Booting Windows in both a VM and Bare Metal

So.  My laptop primarily runs linux.  However, I’ve got a few reasons to run Windows - gaming being one of them, watching streaming SilverLight video (choughnetflixcough) another.  Rebooting a machine every time I want to switch operating systems is rather a drag.  However, for some things (gaming), I’ll want to be doing this anyway.  So I figured out how to make Windows both bare-metal boot and VM boot.  I make no guarantees about any sort of performance.

As a side note, I’ll probably also play with enabling the Optimus video card on my laptop for the VM.  Letting the video-intensive VM have basically a video card all to itself ought to help performance….

Anyway, on to the setup.

My Setup/Things you Need

  • VirtualBox
  • Windows 8
  • Windows Install DVD/DVD Image


Prerequisite: Bare-Metal Dual-Boot

As it says.  I’m assuming here that your machine is already set up and properly dual booting.

Give Your User Raw Disk Access

Linux really doesn’t like users having raw disk access.  However, it is possible.  On my debian system, a simple look at the disks in /dev reveals how:

$ ls -l /dev/sd*
brw-rw---T 1 root disk 8, 0 Jan  6 22:12 /dev/sda

By adding our user to the disk group, they’ll be able to have raw disk access.  So lets do that:

# usermod -aG disk [username]

In my case, the simplest way to have this take effect was a reboot.  It certainly didn’t take effect while I was still logged in.  If you run into errors later, don’t be afraid to reboot.  It may actually solve something.

Copy Your MBR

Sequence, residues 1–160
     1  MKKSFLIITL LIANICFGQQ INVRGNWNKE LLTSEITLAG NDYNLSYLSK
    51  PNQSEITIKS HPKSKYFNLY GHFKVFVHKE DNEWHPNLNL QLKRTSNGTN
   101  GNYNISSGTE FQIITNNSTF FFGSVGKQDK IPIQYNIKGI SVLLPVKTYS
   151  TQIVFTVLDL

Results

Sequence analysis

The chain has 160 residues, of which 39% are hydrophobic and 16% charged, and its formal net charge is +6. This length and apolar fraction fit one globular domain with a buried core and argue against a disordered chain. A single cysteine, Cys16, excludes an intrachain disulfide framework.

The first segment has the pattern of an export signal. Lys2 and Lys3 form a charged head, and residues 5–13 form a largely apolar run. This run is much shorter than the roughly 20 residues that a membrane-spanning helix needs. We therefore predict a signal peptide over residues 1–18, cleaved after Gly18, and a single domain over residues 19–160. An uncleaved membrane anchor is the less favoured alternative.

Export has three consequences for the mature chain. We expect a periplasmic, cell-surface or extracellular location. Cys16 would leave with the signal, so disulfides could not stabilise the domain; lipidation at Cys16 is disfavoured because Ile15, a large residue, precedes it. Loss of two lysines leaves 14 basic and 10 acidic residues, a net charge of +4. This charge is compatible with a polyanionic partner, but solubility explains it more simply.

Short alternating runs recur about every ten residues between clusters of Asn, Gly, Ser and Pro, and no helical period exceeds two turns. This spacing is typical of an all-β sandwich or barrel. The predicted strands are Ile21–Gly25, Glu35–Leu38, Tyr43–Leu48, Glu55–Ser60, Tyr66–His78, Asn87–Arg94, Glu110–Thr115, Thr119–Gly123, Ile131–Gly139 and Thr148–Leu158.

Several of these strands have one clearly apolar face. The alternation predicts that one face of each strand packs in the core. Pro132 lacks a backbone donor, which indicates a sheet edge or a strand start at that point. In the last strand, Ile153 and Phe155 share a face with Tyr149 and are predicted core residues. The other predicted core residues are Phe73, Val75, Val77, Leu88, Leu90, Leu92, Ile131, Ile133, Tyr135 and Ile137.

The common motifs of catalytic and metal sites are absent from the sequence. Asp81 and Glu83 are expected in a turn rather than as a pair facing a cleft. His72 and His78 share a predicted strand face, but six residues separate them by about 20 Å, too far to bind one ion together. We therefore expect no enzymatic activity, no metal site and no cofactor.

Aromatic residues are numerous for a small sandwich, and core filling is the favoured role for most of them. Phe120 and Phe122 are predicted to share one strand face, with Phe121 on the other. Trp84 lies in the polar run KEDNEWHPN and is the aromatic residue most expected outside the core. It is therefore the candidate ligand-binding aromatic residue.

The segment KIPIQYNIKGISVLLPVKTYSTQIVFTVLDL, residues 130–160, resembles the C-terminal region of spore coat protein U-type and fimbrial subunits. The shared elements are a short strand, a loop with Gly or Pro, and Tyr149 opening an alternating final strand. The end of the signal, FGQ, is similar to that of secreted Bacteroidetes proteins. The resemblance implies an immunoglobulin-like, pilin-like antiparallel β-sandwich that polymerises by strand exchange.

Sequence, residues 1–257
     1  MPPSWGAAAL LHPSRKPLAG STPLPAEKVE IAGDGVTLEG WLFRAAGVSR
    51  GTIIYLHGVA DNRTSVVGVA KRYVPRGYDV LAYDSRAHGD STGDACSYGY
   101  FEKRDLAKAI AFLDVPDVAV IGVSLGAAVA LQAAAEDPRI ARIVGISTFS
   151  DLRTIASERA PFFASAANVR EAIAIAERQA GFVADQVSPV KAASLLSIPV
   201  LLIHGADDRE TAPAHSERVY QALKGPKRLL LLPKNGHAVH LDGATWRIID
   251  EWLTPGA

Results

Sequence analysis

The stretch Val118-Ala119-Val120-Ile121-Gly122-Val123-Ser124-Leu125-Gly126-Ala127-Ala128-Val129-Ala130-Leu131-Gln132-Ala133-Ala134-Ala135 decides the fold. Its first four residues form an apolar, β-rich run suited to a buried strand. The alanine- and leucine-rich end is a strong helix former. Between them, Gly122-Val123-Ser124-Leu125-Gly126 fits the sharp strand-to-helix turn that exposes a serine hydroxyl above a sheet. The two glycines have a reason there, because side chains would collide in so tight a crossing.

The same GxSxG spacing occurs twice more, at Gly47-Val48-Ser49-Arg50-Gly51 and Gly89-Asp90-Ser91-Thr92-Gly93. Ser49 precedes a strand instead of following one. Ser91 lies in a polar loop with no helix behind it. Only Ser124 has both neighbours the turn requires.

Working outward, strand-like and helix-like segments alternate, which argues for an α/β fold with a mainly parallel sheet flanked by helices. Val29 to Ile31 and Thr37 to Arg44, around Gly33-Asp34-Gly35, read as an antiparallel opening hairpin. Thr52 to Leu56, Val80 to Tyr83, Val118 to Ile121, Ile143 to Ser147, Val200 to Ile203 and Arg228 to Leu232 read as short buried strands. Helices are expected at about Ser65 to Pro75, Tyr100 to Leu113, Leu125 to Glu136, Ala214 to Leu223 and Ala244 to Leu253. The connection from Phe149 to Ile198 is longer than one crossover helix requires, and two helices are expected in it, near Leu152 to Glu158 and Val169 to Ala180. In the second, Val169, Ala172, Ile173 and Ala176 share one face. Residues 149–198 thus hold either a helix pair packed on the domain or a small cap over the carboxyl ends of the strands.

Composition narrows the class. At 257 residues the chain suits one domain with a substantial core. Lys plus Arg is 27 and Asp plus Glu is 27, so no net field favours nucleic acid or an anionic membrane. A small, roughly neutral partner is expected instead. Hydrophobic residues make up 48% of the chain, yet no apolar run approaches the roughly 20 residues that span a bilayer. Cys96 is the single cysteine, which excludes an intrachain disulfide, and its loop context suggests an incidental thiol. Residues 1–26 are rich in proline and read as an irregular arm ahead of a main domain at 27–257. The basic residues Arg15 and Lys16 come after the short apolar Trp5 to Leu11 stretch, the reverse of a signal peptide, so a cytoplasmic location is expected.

We’re going to be altering the bootloader on the disk in order to make this work.  The bootloader is the program that bootstraps the operating system up.  Mess up the bootloader and you’ll need a rescue disk to get the operating system running again.  The bootloader lives in the first 512 bytes of the hard disk, along with the partition table.  We want both of these.  Here is how to copy them to a file on debian:

$ dd if=/dev/[diskname] of=[filename].mbr bs=512 count=1
1+0 records in
1+0 records out
512 bytes (512 B) copied, 6.6136e-05 s, 7.7 MB/s

Give VirtualBox Raw Disk Access

For this step, you’ll need to know the number of the partition you installed Windows on.  If you don’t, this command should help:

$ VBoxManage internalcommands listpartitions -rawdisk /dev/[diskname]

NTFS (which most modern Windows systems use) is partition type 0x07.  Now, lets create a virtual hard disk which has access to ONLY the windows partition.  We want to give it access to only the windows partition so we cannot accidentally try to boot Linux from in Linux - that would seriously mess up your filesystem.  Without further ado, here is the relevant command:

$ VBoxManage internalcommands createrawvmdk -filename [Virtual Disk].vmdk -rawdisk /dev/[diskname] -partitions [NTFS Partitions] -mbr [MBR file].mbr

Make sure you’re using the full disk name - /dev/sda, for example.  See this page for more details and documentation.

There will likly be more than one NTFS partition.  List all of them, separated by commas.  (Typically one is the boot partition, while the other contains the full OS)

Set Up VM

Next, set up the VM.  Tell it to use an existing hard disk - the one we created earlier.

You’ll also need to mount your Windows install/repair DVD on the VM for the first startup.

Boot VM to Install/Repair Disk

On Windows 8 this really only means starting the VM and then pressing a key when asked to.

‘Repair’ the Boot Record

Follow the directions on this page to reinstall the Windows bootloader.


Now, reboot the VM.  This time, don’t go to the install/repair DVD, let it boot all the way up.  If all has gone well, you will boot straight into Windows.

Words of Warning

If you adjust your partition table, you’ll almost certainly screw everything on your Windows partition up if you don’t recopy the MBR.  Windows (bare metal) will think the partition is one size while Windows (VM) will think it is another.  The way to work around this is to recopy the partition table to your MBR file after adjusting the real MBR.  Basically, this entails repeating these steps from “Copy Your MBR” onwards.  Also, skip “Give VirtualBox Raw Disk Access”.  This should copy the new partition table, then re-install the Windows bootloader. 

If that doesn’t work, just remove the VM and all of its disks and start this over from the beginning.